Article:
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UK joins US in pinning Ukraine DDoS attacks on Russia

A series of DDoS attacks on Ukrainian defence and banking organisations last week is now being firmly attributed to Russian action

As diplomatic efforts to stave off armed conflict in Ukraine continue this week, a series of distributed denial of service (DDoS) attacks on targets in Ukraine that took place on 15 February 2022 are now being firmly attributed to malicious actors backed by the Russian government.

The attacks rendered the website of Ukraine’s Ministry of Defence inaccessible for a time, and also hit at least two banks and a web hosting firm at the same time.

Although Ukrainian authorities initially declined to firmly attribute the cyber attacks to any one actor, it later reversed course, saying there was only one country that was interested in conducting such attacks on Ukraine – Russia – and has been backed by both the US and the UK in this.

The Foreign, Commonwealth and Development Office (FCDO) – itself the subject of a recent cyber attack – said late on Friday 18 February that the National Cyber Security Centre (NCSC) was now able to assess from technical information that the Russian Main Intelligence Directorate (GRU) was “almost certainly” involved.

“The UK government judges that the Russian Main Intelligence Directorate (GRU) were involved in this week’s distributed denial of service attacks against the financial sector in Ukraine,” said an FCDO spokesperson.

“The attack showed a continued disregard for Ukrainian sovereignty. This activity is yet another example of Russia’s aggressive acts against Ukraine. This disruptive behaviour is unacceptable – Russia must stop this activity and respect Ukrainian sovereignty. We are steadfast in our support for Ukraine in the face of Russian aggression.”

At about the same time, Anne Neuberger, the US deputy national security advisor for cyber and emerging technology, said: “Russia likes to move in the shadows and counts on a long process of attribution so it can continue its malicious behaviour against Ukraine in cyber space, including pre-positioning for its potential invasion. In light of that, we’re moving quickly to attribute the DDoS attacks.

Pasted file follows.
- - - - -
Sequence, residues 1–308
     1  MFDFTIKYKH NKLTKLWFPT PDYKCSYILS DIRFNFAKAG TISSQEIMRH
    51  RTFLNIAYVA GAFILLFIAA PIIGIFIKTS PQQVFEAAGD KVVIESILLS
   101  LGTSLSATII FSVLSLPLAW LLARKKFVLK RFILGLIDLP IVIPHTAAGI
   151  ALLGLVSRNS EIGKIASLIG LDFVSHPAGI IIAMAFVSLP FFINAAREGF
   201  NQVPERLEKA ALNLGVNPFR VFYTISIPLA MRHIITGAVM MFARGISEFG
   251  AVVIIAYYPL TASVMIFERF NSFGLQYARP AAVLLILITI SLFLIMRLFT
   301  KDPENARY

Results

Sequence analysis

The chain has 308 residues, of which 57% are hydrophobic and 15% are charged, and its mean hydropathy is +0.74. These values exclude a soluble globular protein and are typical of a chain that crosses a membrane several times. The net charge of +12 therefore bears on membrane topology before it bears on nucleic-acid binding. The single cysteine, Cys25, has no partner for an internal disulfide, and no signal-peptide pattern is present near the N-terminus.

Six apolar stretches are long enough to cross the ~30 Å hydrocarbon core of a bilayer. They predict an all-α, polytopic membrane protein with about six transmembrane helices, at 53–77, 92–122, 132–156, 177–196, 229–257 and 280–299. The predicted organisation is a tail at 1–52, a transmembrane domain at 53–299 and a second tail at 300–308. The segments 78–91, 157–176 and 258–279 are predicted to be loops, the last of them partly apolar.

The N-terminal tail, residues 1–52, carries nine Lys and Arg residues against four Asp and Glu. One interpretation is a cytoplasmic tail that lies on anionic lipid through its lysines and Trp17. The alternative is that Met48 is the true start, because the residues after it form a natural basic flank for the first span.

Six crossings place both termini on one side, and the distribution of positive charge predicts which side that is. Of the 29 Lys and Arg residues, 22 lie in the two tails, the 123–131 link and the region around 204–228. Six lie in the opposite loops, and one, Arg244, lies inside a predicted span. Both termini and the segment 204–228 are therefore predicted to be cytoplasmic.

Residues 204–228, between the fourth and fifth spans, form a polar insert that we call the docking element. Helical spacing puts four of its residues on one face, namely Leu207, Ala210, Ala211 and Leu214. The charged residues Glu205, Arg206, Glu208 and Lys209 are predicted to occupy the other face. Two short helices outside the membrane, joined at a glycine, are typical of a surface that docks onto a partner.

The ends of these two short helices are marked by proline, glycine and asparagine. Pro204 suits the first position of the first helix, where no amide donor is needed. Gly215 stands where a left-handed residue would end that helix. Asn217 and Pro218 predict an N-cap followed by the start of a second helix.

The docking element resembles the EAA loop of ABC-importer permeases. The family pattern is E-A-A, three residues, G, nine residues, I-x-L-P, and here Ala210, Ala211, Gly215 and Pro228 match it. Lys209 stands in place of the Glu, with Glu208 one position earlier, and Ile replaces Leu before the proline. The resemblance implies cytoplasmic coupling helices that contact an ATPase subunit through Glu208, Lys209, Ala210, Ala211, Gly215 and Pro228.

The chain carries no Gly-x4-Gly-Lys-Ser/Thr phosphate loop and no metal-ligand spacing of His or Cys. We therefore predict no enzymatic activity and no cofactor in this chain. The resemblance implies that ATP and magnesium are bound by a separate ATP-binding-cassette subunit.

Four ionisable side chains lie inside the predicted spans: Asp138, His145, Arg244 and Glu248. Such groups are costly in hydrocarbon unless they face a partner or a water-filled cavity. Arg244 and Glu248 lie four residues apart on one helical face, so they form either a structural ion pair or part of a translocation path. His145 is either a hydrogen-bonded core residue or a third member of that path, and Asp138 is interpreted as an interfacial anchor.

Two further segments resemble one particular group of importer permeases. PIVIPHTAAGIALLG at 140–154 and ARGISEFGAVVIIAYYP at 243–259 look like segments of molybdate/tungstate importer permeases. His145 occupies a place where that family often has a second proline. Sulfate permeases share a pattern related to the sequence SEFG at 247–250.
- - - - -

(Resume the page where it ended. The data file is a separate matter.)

“We believe that the Russian government is responsible for wide-scale cyber attacks on Ukrainian banks this week. We have technical information that links…the Russian Main Intelligence Directorate, or GRU, as known GRU infrastructure was seen transmitting high volumes of communications to Ukraine-based IP addresses and domains.”

Neuberger said the speed of this attribution was somewhat unusual, but added that the US had taken the decision to call out Russia more quickly than it usually might because of a need to hold nation-states accountable when conducting “disruptive or destabilising” cyber attacks.

Neuberger said that the US had been increasing cyber support to Ukraine since November, and was working behind the scenes to help the country respond to and recover from attacks, and strengthen the resilience of Ukraine’s critical national infrastructure (CNI).

Standard attacks

Last week’s attacks on Ukraine may well have been commissioned by the Russian intelligence services, but analysis of network traffic conducted by Netscout has shown that in many regards the attacks were well within established norms in terms of their size and methods.

The attackers likely used standard DDoS-capable botnets to carry out the attacks, said Netscout, with nodes located in New Zealand, Portugal, Russia, the UK, the US, and even from within Ukraine itself. The botnet in question was likely a typical Mirai botnet, with an command and control (C2) node located in the Netherlands.

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